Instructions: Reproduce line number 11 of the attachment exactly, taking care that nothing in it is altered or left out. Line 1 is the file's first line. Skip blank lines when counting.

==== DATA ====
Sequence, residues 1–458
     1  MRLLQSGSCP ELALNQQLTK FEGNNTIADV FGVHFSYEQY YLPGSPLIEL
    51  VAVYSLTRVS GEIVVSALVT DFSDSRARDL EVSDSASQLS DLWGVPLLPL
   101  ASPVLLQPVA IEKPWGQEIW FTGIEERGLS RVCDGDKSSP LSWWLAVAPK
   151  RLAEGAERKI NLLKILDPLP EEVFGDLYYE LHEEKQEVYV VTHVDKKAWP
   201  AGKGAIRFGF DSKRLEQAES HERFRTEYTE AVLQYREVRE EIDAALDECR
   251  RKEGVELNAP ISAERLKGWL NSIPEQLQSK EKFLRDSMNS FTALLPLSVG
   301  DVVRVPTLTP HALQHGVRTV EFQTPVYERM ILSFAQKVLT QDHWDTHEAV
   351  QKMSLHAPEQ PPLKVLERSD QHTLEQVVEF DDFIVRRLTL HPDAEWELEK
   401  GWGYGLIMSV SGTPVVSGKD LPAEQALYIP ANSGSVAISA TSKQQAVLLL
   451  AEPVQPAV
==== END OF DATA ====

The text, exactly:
   451  AEPVQPAV